2. Derbyshire E. (2019). Could we be overlooking a potential choline crisis in the United Kingdom?. BMJ nutrition, prevention & health, 2(2), 86–89. https://doi.org/10.1136/bmjnph-2019-000037
  3. Rees W, Wilson F, Maloney C. (2006). Sulfur amino acid metabolism in pregnancy: the impact of methionine in the maternal diet. J Nutr. 136, 1701S–1705S.

  4. Shaw, G. M., Carmichael, S. L., Yang, W., Selvin, S., & Schaffer, D. M. (2004). Periconceptional dietary intake of choline and betaine and neural tube defects in offspring. American journal of epidemiology, 160(2), 102–109. https://doi.org/10.1093/aje/kwh187

  5. Wiedeman, A. M., Barr, S. I., Green, T. J., Xu, Z., Innis, S. M., & Kitts, D. D. (2018). Dietary Choline Intake: Current State of Knowledge Across the Life Cycle. Nutrients, 10(10), 1513. https://doi.org/10.3390/nu10101513

  6. Zeisel S. H. (2006). Choline: critical role during fetal development and dietary requirements in adults. Annual review of nutrition, 26, 229–250. https://doi.org/10.1146/annurev.nutr.26.061505.111156

  7. Shaw, G. M., Carmichael, S. L., Yang, W., Selvin, S., & Schaffer, D. M. (2004). Periconceptional dietary intake of choline and betaine and neural tube defects in offspring. American journal of epidemiology, 160(2), 102–109. https://doi.org/10.1093/aje/kwh187

  8. https://pubmed.ncbi.nlm.nih.gov/27651265/#:~:text=Choline%20is%20an%20essential%20nutrient,and%20may%20alter%20brain%20function.

  9. https://link.springer.com/article/10.1007/s00394-016-1296-8

  10. https://www.ncbi.nlm.nih.gov/pmc/articles/PMC3729018/

  11. Xu, X., Gammon, M. D., Zeisel, S. H., Lee, Y. L., Wetmur, J. G., Teitelbaum, S. L., Bradshaw, P. T., Neugut, A. I., Santella, R. M., & Chen, J. (2008). Choline metabolism and risk of breast cancer in a population-based study. FASEB journal : official publication of the Federation of American Societies for Experimental Biology, 22(6), 2045–2052. https://doi.org/10.1096/fj.07-101279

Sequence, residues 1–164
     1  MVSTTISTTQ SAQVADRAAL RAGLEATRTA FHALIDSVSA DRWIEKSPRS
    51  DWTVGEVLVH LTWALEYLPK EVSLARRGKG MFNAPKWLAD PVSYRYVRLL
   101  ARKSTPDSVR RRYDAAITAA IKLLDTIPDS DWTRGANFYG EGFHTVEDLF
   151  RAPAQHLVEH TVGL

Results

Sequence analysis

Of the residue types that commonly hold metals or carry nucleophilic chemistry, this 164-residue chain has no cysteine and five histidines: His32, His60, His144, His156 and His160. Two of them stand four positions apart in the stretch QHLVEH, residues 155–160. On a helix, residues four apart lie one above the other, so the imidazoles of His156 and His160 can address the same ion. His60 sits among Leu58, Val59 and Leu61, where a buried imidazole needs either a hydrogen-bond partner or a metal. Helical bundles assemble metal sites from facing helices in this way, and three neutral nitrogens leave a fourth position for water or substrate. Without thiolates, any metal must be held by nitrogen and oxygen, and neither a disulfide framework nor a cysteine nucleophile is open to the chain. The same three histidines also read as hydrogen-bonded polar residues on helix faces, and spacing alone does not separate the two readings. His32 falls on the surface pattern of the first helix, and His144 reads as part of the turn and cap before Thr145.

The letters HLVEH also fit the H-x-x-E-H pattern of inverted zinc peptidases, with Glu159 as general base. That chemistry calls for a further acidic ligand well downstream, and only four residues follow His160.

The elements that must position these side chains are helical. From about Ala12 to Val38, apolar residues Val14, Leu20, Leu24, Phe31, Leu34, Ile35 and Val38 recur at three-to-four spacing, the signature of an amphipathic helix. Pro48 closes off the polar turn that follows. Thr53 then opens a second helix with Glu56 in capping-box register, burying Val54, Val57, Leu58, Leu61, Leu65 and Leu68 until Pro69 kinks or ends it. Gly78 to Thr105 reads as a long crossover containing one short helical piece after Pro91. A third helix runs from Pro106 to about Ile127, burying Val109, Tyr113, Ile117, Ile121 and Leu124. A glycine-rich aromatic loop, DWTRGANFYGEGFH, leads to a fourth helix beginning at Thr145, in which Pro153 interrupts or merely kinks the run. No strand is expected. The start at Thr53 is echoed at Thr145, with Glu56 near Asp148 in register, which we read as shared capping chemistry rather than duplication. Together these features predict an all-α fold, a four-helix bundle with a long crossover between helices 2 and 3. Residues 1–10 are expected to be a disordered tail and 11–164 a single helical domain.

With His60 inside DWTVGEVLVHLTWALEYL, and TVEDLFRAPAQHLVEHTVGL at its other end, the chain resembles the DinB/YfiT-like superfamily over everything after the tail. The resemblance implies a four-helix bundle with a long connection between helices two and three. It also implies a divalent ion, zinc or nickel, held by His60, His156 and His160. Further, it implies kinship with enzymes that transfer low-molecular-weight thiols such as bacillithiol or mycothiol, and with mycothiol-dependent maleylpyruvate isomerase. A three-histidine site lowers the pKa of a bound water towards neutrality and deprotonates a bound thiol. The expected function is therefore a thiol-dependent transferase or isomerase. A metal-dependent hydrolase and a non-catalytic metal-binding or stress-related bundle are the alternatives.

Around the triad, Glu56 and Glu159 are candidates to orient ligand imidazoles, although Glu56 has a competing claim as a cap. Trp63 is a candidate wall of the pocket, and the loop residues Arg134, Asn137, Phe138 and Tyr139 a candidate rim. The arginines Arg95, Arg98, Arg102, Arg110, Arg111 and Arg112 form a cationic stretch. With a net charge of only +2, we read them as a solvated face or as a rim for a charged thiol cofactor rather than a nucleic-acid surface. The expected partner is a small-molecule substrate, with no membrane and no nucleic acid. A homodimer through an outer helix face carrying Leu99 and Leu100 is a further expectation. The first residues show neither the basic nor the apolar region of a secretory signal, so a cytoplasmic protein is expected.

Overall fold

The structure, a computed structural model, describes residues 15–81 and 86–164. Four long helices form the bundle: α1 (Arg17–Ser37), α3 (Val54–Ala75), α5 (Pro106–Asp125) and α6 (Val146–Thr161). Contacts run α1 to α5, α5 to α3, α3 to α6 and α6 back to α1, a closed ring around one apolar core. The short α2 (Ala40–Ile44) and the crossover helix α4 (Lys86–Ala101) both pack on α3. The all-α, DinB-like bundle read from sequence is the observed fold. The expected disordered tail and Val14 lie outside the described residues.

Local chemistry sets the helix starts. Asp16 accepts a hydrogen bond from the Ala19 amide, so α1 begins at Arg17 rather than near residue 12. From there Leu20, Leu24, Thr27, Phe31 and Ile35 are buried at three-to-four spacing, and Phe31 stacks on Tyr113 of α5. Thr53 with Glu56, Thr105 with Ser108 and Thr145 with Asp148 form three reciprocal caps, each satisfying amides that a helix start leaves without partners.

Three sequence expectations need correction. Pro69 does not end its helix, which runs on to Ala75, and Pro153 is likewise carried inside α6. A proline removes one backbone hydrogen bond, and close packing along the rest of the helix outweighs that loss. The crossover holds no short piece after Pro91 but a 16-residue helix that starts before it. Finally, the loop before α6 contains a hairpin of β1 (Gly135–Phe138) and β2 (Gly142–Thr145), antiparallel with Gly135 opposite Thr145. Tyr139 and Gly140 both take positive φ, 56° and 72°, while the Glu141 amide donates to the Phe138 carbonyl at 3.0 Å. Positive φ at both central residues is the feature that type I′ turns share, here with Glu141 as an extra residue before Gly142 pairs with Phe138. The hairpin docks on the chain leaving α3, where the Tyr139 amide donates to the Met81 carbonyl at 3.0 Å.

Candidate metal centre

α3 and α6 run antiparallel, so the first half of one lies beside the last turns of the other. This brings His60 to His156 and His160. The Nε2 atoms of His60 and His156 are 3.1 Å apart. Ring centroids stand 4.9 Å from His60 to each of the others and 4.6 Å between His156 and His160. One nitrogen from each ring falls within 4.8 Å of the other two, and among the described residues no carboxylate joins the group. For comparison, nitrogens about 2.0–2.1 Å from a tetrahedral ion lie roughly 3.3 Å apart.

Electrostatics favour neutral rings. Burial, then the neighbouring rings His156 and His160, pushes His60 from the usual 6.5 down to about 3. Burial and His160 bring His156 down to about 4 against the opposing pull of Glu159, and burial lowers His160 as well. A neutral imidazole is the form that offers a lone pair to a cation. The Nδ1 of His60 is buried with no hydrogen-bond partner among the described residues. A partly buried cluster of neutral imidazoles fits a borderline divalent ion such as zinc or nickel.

12. da Costa, K. A., Niculescu, M. D., Craciunescu, C. N., Fischer, L. M., & Zeisel, S. H. (2006). Choline deficiency increases lymphocyte apoptosis and DNA damage in humans. The American journal of clinical nutrition, 84(1), 88–94. https://doi.org/10.1093/ajcn/84.1.88

  13. Wallace, Taylor C. PhD, CFS, FACN; Blusztajn, Jan Krzysztof PhD; Caudill, Marie A. PhD, RD; Klatt, Kevin C. MS; Natker, Elana MS, RD; Zeisel, Steven H. MD, PhD; Zelman, Kathleen M. MPH, RD, LD (2018). Choline, Nutrition Today: 11/12 - Volume 53 - Issue 6 - p 240-253 doi: 10.1097/NT.0000000000000302

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Inessa Team

Our team pull together science-backed information to bring you up to date health and wellness insights.